Jewish Thought

The trip

I have tried, during my recent trip to Eretz Yisrael for our grandson’s wedding, to bring readers of this column along with me on some of my more memorable experiences. Needless to say, inspiration flows more readily when one is actually standing at the mekomos hakedoshim. Indeed, many have commented that in Eretz Yisrael, importuning Hashem feels like making a “local call.”  Like so many others before me, I stood before Hashem with an almost endless list of bakashos for family members and friends, and for my kehillah. They included petitions for refuos, shidduchim, shalom bayis and parnasah. Unquestionably, the human condition is fraught with challenges. People have so much on their plates. Looking around, I could see that I was in the company of kindred spirits who, like me, were all pouring out their aching hearts to the Ribbono Shel Olam. I looked at the sacred Wall with all the pitka’os, heartfelt messages stuck in the crevices between the massive stones. I was reminded of a song about the Wailing Wall that wonders how the Kosel can bear the excruciating pain and broken hearts of klal Yisrael. The words of David Hamelech, “Va’ani tefillah,” accurately express this concept, as explained by a parable:A well-dressed individual once paid a visit to a wealthy philanthropist. He told him the sad story of how he had fallen on hard times and lost his fortune, explaining that this was why he was now asking him for a loan to get back on his feet.

Shortly after his departure, another person appeared at the door in tattered clothing and torn shoes, emaciated and unkempt. In contrast to the earlier visitor, there was no need for him to tell his story or describe his needs. The way he looked said it all; his appearance was the prayer. Similarly, the commentaries explain that David Hamelech didn’t preface his prayer by saying, “I place before You my supplication, Almighty G-d,” or something similar. Rather, the gist of his presentation was that his entire being was his “prayer.” There was no part of him that wasn’t saturated with the desire for Hashem’s intervention. “Just seeing me, Hashem, will convey my needs, for You alone can mitigate our painful condition.” I experienced a very emotional moment at Kever Rachel. My friend Ruthie, a resident of Yerushalayim who had accompanied me, pointed out a beautiful white satin paroches that covered a Torah ark opposite Rachel’s Tomb. She told me it had been made from the wedding dress that Nava Applebaum, Hy”d, was supposed to wear the day she and her father, Dr. David Applebaum, were brutally murdered by terrorists. Instead of escorting his daughter to the chuppah, one might easily envision Dr. Applebaum and Nava coming before the Throne of Glory.

The purity of soul that accompanies a kallah on her wedding day, symbolized by the white of her gown, undoubtedly marked her ascent to the supernal realms. But rather than being greeted by her chasan under the chuppah, she was greeted by the Master of the universe, and no doubt Mama Rachel was among the entourage. One can only imagine what a formidable force the two of them comprise in hastening the geulah and yeshuah for klal Yisrael. How poignant was the age-old reassurance gracing Mama Rachel’s final resting place: “Restrain your voice from weeping and your eyes from tears, for your work shall be rewarded…and they shall come back from the land of the enemy” (Yirmiyahu 31:16). Lest one get the impression that Eretz Yisrael is overcast with gloom, the picture must be balanced out by the myriad simchos and festive events that fill its streets, celebrations of life and faith. In addition to our grandson’s chasunah, our married grandchildren, extended family and “adopted children,” members of our community who have relocated to Israel, gave us great nachas. We were able to take pleasure not only in their beautiful lives, but in the fact that they have chosen to live in the more spiritually charged environment of the Holy Land. Baruch Hashem, our families and “adopted children” back in the States also give us many occasions to celebrate. While in Eretz Yisrael, I recounted with great pride the spiritual achievements of our community, which are a source of great pleasure not only to us, but more significantly, to our Heavenly Parent.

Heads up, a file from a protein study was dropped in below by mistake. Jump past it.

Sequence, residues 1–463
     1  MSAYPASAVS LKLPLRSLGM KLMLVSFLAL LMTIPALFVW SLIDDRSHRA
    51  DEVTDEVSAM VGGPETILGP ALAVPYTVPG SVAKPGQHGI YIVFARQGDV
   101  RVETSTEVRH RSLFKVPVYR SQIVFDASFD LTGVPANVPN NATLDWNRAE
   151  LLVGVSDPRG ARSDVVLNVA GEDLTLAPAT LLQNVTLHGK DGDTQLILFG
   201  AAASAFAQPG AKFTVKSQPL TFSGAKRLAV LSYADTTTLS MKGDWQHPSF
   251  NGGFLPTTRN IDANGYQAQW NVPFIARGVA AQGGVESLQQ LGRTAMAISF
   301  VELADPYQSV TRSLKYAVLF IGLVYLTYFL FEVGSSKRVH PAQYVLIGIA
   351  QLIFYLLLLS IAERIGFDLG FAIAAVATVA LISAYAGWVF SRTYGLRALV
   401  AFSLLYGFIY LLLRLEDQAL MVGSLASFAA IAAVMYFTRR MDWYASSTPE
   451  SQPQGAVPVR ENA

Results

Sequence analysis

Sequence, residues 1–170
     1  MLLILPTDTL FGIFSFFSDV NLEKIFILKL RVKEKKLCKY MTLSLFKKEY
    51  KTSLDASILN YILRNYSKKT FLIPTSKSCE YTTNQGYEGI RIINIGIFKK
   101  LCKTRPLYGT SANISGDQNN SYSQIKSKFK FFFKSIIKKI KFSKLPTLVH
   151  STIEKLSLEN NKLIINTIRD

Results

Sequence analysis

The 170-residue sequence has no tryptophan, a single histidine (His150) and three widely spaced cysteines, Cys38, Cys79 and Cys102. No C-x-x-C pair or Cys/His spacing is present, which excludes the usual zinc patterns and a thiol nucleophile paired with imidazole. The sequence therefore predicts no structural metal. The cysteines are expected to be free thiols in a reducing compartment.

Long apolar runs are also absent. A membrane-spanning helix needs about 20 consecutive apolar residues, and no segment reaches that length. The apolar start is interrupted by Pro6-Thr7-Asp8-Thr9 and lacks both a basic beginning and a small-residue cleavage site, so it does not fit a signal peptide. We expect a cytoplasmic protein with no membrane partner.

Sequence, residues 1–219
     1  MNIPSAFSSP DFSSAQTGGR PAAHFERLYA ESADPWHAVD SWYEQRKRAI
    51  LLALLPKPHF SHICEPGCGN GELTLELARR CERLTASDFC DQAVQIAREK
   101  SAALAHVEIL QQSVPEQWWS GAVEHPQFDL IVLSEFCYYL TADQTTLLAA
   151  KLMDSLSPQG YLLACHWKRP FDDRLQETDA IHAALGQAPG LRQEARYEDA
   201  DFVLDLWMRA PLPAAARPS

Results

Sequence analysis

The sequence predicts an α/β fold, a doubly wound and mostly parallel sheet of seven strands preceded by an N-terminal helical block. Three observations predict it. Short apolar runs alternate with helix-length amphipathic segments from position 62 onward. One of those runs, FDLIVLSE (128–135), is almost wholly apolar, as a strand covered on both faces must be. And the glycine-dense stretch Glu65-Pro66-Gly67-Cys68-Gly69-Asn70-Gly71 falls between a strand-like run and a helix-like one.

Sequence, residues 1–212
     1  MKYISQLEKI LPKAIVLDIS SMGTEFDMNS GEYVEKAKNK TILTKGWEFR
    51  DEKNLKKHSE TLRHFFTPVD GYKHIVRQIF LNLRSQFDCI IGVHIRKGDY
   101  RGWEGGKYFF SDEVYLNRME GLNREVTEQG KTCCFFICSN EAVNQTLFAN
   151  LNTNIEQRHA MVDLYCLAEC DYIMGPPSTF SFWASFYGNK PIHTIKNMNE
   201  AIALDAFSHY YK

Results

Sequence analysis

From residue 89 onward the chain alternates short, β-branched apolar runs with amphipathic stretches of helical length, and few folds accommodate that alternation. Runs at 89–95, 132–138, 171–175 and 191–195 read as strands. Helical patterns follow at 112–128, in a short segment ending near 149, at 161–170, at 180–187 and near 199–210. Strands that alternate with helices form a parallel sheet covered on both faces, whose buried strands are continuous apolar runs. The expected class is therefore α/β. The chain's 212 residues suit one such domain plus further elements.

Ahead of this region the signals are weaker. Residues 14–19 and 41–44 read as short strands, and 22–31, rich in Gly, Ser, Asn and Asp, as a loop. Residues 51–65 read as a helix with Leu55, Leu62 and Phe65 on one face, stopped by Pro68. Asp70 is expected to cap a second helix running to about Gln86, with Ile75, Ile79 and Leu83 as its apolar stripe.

As I write this piece on the plane back to Milwaukee via New York, I must confide that I have mixed emotions. On the one hand, taking leave of my daughter, son-in-law and children at the airport was tearful. My three-year-old granddaughter Sarah, having finally grasped the concept that her mother, Bas Sheva, was my baby, asked her if she was sad that her mommy was leaving. Farewells are never easy. There’s an ache in my heart and a tear in my eye for what I leave behind. At the same time, I am looking forward to seeing the “local” members of my family and our beloved kehillah.

At this moment, my tefillah to the Ribbono Shel Olam reflects these mixed emotions. I implore Him to reunite all of us, wherever we might be on the globe, and take us back into His loving embrace, speedily in our days. May we be zocheh to Moshiach Tzidkeinu and the geulah sheleimah bimheirah beyameinu—amen! P.S. For those of you who remember the recent article in which I described my recalcitrant boot zipper, you will be relieved to know that both boots zipped up easily when I arrived in the US. Why the hassle I experienced upon landing in Israel? I have some ideas, and perhaps my readers have some suggestions for me to consider as well. I welcome your input.

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